As a lower risk operator in the technology investment markets, I operate well behind the venture capital frontlines, where hype and momentum reign supreme (because that’s just how that game works). Yet, it is still helpful to consider where the Seed-Stage and Early-Stage VC technology investment horizon is heading. What trends are real versus hype? Now that hype has worn off and the opportunists have moved on to the next buzz word, who is left doing real work? Which companies are emerging as winners from overfunded early-stage areas? What is realistically going to occur over the next 5-7 years with a winning company? What market segments are perhaps cheap due to investor biases? (AdTech?) Even though I might not make a move for years, pondering these questions is helpful to form a prepared mind.
Constantly questioning technology’s evolution is why I found the mental model shown at left from this HBR article interesting. This model highlights the differences in proliferation between foundational versus transformative technologies, comparing Blockchain today to TCP/IP (i.e. the Internet) in 1972.
While this model is helpful to compartmentalize things, the reality is that investing in technology is sloppy business. Sometimes it is hard to see where technology is heading, like driving in the fog. Other times, it’s obvious – less a matter of if, but when. Yet, even if a technology trend is obvious and the timing of its proliferation is roughly predictable, determining the winning company for investment is difficult, especially when squared with entry valuation and the number of “horses in the race” on a hyped technology trend.
As a simple illustration of this process at work, consider, for example, the succession of Tech buzzwords over the past 18 years: .com -> Web 2.0 -> Mobile-First -> Big Data -> Predictive Analytics -> Internet of Things -> Self-Driving Cars -> Virtual Reality -> Blockchain -> Machine Learning / Artificial Intelligence. There has clearly been no shortage of innovation, corresponding buzzwords and companies chasing each trend. Literally, thousands of companies have been formed to capitalize on technology’s new horizons, many failing, some creating massive amounts of value for investors early on a trend.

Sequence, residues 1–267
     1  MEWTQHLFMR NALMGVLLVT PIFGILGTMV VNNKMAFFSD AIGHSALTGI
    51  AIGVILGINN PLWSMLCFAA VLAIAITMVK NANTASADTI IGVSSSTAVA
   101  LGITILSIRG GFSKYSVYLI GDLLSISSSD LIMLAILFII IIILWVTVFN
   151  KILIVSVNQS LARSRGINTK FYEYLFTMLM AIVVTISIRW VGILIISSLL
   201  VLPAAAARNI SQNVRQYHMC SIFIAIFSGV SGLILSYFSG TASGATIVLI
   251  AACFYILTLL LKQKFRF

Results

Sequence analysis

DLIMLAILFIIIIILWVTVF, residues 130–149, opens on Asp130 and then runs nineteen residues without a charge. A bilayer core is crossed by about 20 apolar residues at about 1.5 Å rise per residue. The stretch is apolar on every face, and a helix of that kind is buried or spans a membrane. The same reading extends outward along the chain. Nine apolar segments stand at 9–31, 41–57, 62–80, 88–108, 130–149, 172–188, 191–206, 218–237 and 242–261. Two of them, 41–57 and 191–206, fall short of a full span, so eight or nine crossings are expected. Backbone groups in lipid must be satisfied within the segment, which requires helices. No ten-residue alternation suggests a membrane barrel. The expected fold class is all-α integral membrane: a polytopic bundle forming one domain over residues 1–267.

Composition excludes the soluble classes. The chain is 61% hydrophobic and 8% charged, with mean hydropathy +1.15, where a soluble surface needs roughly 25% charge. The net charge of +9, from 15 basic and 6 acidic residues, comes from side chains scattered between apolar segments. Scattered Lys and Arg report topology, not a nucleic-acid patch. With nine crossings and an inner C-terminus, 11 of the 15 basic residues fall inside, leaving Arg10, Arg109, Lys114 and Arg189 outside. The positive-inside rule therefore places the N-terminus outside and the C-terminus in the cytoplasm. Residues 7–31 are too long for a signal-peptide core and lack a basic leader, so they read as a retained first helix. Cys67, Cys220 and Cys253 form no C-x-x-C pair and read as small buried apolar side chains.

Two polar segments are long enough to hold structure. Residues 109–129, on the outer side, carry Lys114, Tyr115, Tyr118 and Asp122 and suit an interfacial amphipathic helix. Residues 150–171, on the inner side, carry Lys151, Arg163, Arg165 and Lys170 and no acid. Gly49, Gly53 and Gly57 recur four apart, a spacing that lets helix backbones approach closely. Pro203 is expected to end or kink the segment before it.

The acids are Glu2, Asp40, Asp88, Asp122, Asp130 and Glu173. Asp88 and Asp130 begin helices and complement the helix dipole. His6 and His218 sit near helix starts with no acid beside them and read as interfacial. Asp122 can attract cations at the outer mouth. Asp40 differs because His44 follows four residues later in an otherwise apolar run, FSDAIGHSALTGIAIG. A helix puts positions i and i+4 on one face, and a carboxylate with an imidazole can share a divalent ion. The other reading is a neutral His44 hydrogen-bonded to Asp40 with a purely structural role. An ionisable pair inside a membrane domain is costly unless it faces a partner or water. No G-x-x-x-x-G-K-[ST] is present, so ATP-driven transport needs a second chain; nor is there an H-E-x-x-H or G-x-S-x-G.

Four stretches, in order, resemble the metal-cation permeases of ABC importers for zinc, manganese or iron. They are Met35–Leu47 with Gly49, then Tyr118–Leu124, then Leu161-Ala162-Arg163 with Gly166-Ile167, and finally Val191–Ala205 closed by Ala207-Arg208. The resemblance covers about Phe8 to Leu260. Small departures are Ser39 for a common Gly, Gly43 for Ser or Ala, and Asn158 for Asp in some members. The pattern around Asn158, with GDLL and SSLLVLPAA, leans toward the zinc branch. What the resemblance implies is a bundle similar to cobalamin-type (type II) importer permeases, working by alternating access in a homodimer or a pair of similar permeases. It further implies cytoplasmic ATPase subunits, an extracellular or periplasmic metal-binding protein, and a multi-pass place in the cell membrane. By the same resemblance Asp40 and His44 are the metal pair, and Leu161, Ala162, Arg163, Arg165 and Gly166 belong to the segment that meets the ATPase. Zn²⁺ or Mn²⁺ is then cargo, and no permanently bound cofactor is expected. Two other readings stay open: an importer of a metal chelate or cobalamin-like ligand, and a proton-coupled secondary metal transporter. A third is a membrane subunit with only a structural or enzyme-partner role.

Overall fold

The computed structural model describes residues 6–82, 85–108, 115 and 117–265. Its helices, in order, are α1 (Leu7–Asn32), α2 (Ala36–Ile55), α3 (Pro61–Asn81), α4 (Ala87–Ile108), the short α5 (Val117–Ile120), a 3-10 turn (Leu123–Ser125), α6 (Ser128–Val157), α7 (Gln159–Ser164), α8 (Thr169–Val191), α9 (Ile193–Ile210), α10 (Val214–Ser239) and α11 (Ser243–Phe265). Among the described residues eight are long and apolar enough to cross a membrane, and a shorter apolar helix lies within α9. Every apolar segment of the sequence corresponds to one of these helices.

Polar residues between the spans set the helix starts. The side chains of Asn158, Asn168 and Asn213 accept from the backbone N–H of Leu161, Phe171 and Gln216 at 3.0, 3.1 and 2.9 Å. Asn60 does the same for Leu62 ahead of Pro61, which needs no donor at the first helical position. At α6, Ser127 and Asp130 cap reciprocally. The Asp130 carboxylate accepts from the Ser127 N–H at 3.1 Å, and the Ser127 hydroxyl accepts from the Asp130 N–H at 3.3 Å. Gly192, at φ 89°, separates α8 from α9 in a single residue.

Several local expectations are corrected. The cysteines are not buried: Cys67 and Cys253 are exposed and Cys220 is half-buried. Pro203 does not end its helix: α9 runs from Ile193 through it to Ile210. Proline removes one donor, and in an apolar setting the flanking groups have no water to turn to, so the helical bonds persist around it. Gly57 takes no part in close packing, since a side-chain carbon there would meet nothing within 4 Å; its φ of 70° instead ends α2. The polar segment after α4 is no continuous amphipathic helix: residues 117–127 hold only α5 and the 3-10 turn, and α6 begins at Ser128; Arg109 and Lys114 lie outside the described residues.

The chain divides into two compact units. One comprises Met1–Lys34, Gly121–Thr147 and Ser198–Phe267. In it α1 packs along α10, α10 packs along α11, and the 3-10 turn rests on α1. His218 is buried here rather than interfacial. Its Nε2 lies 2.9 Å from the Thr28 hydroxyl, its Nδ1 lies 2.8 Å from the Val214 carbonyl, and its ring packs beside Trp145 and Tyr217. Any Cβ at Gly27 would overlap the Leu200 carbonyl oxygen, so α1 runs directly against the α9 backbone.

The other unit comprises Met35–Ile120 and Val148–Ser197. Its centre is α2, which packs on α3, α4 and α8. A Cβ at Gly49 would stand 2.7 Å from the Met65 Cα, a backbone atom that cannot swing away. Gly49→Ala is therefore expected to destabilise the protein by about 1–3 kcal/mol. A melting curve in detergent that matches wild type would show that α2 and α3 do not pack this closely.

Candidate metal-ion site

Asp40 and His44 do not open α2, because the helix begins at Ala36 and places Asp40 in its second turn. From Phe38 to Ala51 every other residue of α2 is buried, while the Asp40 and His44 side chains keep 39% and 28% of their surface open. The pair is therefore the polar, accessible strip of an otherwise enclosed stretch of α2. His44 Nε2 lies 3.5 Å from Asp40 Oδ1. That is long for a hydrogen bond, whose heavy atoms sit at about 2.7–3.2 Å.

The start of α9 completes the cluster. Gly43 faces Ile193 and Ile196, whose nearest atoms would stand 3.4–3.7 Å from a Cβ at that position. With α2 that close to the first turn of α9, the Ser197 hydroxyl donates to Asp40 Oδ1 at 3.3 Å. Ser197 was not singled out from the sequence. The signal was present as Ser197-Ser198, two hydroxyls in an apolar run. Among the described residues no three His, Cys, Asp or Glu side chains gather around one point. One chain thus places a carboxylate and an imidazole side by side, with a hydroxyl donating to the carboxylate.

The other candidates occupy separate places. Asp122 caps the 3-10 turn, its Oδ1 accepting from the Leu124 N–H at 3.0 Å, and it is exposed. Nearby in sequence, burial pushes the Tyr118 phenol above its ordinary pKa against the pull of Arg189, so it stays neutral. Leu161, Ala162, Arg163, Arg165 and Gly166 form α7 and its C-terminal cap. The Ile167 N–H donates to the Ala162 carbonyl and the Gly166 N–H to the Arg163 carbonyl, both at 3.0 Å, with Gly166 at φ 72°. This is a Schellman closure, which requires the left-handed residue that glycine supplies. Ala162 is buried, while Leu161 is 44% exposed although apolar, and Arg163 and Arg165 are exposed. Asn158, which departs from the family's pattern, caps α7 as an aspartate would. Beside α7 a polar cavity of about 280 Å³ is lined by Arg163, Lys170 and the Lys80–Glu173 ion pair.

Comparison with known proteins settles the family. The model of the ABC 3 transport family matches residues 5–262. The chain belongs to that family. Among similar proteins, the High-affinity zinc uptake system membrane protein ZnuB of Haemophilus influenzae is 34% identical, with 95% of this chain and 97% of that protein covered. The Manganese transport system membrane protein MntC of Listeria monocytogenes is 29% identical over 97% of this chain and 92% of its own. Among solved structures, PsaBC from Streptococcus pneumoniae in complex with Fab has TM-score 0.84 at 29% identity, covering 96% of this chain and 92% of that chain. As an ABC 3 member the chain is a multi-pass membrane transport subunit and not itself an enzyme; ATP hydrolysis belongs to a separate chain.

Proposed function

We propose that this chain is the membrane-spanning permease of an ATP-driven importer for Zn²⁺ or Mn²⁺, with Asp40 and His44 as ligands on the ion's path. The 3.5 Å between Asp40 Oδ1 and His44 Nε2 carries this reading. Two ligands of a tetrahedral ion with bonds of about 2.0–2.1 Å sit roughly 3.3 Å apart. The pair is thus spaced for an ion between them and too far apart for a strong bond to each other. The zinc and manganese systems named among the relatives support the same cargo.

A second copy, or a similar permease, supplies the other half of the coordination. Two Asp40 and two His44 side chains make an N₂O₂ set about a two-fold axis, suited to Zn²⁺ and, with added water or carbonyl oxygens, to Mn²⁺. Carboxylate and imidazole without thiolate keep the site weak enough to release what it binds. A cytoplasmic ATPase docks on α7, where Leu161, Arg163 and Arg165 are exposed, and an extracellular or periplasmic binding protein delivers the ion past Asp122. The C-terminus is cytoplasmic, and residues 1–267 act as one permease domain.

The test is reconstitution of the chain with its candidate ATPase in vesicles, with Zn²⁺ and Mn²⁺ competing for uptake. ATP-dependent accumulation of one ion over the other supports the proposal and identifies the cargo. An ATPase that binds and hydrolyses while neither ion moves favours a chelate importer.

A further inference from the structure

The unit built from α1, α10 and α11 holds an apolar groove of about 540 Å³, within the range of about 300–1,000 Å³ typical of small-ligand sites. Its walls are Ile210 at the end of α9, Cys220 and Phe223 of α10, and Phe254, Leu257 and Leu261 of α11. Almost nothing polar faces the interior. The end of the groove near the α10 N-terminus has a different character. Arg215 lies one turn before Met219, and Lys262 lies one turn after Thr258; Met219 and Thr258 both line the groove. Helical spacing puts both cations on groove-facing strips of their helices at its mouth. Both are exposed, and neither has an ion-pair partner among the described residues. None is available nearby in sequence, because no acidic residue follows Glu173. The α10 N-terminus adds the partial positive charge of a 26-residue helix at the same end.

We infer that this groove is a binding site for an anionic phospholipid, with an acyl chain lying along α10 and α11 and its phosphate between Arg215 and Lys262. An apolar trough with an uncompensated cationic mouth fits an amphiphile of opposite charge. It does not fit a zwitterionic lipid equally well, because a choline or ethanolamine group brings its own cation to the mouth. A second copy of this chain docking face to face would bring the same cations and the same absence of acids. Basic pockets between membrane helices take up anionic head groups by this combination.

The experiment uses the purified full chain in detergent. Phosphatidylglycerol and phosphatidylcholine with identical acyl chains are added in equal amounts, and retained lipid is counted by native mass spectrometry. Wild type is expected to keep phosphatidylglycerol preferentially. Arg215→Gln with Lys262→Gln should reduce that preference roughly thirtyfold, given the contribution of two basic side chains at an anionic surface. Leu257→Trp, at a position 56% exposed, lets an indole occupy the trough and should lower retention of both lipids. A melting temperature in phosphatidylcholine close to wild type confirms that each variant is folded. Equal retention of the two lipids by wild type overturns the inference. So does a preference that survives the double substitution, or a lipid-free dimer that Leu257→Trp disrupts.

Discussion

The funny part, though, is that investing “early” or “late” depends on an investor’s point of view, which itself is informed by his technology investing mandate. A buyout investor (who seeks return of capital investments) thinks quite differently and goes much later on trends than public stock, growth equity and venture investors (generally return on capital investors). In this latter group, the tricky part is that due to the constantly evolving nature of technology, the lines between the varying strategies can blur. Sometimes, you even see buyout investors cross over into the growth buyout arena as we saw with Marketo and Qlik. Therefore, no matter your strategy, it is an art to craft a balanced risk/reward outcome when seeking alpha via growth, not to mention the holy grail of asymmetric returns.
While there are no silver bullets, just hard work, I have found that mental models and research help with the challenge of going “late enough, but early enough” on technology trends. Over the years, from macro to micro, a mixture of the following has proven helpful: Michael Mauboussin, Carlota Perez, Gartner Hype Cycles, Wall Street Primers (e.g. Goldman on Virtual Reality), Gartner Magic Quadrants, 451 Research, Gartner Research, Forrester Research, obscure blogs and research papers, conferences, field research (aka constant meetings in San Francisco and down in Silicon Valley), comparing notes with Tech bankers and Tech investors (from LBO down to pre-Seed), capital markets data, SEC filings, valuation frameworks, and Excel spreadsheets. While spreadsheets come last, that says nothing of their relative importance. Valuation matters too much (the investing equivalent of gravity) and hype is just too easy in this business, which is why the sobering effect of numbers is helpful.
My recent Blockchain research is what spurred this post. But what I find most interesting is squaring this model with the key consideration as a technology investor: Where, how and when should you allocate innovation capital? And how does this decision differ based on your strategy: public stocks, buyouts, growth equity, late-stage VC, early-stage VC, post-Seed, Seed, pre-Seed or Angel? Confusion here creates some pretty interesting investment opportunities, irrespective of technology’s proliferation through society.
More on that to follow.